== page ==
From my own experiences with the calipers I have overhauled, I know that they will last and have claimed this in that manual, that you can expect 10 years without further problems.  Recently Anders sent me the rear calipers off his Murena to overhaul, not because he was experiencing sticking rear brakes, but simply because he is doing a major restoration of his Murena which is coming up to 40 years old and decided it would be good if the brakes were checked as well.  This is a car I have known for many years, originally as I used to service it regularly for a previous owner in London, then I had it for approx. four years before selling it to Anders.  So I know when I did the first overhaul on the rear brakes, when Pierre owned it before me, and this is the first time they have been stripped since then.

I am pleased to report that they have lasted so well that they have been the easiest to strip in all the years I have been doing these and there was almost no corrosion which is why they were still free and working well!  So I have now increased my claim in the Brake Manual to say: a further '25 years' not Ten.  I know these particular calipers have not needed this work in fact in 30 years, but to be conservative I am 'only' claiming a further trouble free 25 years since different owners and cars are used in different ways and environments.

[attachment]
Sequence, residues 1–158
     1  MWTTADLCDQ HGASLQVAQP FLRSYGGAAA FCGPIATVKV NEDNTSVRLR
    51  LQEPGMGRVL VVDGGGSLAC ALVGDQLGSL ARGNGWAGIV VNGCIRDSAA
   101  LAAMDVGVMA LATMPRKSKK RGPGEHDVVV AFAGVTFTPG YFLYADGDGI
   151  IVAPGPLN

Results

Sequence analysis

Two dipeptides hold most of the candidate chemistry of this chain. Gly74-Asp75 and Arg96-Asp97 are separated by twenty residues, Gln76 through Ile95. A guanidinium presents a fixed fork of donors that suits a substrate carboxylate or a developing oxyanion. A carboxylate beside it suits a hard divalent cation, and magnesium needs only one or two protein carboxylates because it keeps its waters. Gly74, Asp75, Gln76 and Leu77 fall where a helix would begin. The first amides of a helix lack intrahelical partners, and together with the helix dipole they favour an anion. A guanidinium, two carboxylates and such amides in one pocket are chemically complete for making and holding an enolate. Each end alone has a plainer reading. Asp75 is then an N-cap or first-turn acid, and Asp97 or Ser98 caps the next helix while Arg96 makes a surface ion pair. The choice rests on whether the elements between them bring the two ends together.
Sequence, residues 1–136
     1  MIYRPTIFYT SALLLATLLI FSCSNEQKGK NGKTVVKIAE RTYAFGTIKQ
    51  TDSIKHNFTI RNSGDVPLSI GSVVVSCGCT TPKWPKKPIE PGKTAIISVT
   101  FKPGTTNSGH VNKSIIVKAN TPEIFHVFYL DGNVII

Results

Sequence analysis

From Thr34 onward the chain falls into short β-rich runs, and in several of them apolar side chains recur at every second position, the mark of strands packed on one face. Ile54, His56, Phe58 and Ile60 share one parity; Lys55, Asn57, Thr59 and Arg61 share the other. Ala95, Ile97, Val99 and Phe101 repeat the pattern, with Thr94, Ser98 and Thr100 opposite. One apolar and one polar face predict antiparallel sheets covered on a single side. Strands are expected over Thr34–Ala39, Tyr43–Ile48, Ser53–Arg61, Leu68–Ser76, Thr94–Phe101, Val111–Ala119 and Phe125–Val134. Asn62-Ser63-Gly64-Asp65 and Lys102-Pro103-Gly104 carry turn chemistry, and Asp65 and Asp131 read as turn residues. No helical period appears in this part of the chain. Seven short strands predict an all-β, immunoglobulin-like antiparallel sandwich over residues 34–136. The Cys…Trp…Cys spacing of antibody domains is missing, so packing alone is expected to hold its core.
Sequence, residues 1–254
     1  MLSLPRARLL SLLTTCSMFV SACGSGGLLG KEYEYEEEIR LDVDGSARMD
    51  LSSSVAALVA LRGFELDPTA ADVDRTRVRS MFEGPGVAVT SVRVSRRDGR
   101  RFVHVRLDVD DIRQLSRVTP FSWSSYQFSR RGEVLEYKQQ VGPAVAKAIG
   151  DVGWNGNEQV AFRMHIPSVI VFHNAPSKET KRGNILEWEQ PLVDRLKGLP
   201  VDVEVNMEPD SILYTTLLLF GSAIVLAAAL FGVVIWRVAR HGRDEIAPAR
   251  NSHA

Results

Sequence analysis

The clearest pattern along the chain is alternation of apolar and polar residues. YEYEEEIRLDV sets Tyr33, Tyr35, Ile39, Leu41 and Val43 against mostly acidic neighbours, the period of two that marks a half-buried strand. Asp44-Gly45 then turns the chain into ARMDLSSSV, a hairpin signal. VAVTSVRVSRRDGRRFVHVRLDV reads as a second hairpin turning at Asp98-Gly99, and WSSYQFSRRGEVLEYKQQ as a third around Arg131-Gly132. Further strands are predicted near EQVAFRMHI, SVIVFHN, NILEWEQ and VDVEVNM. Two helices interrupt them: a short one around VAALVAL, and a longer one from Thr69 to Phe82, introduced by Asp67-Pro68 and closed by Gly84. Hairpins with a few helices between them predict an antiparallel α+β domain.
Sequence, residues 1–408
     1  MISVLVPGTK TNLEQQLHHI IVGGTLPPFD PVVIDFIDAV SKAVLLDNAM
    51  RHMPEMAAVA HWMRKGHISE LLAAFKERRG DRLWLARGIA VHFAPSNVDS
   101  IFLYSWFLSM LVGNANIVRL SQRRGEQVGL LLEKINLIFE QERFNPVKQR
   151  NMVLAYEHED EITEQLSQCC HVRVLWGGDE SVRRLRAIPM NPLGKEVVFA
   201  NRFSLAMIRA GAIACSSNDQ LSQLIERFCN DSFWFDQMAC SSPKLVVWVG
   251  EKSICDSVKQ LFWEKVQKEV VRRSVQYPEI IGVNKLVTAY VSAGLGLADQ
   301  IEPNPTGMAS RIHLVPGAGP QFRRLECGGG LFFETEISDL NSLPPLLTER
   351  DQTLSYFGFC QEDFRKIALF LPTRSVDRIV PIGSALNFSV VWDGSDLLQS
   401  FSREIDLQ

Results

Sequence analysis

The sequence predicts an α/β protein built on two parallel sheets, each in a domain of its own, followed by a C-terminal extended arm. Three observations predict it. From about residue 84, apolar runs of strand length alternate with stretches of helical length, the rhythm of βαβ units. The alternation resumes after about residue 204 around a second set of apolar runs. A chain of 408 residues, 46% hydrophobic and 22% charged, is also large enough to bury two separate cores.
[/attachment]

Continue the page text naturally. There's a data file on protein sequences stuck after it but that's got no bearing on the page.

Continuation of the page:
The outcome though is that if the calipers are overhauled correctly as I state in the manual, these are the results you can confidently expect.

Roy
« Last Edit: August 08, 2020, 05:48:32 pm by roy4matra » Logged

suffolkpete
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« Reply #1 on: August 09, 2020, 01:27:11 pm »

Amen to that
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Matraman
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« Reply #2 on: August 10, 2020, 03:31:39 pm »

Glad to hear that Roy, I don't fancy doing that job again! I followed your brake manual and was able to get everything apart and know that I was applying force to the right areas without damaging anything. All the brake calipers are working perfectly now, after a few weeks back on the road. Thanks for doing these manuals.
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Andrew
roy4matra
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« Reply #3 on: August 12, 2020, 06:22:21 pm »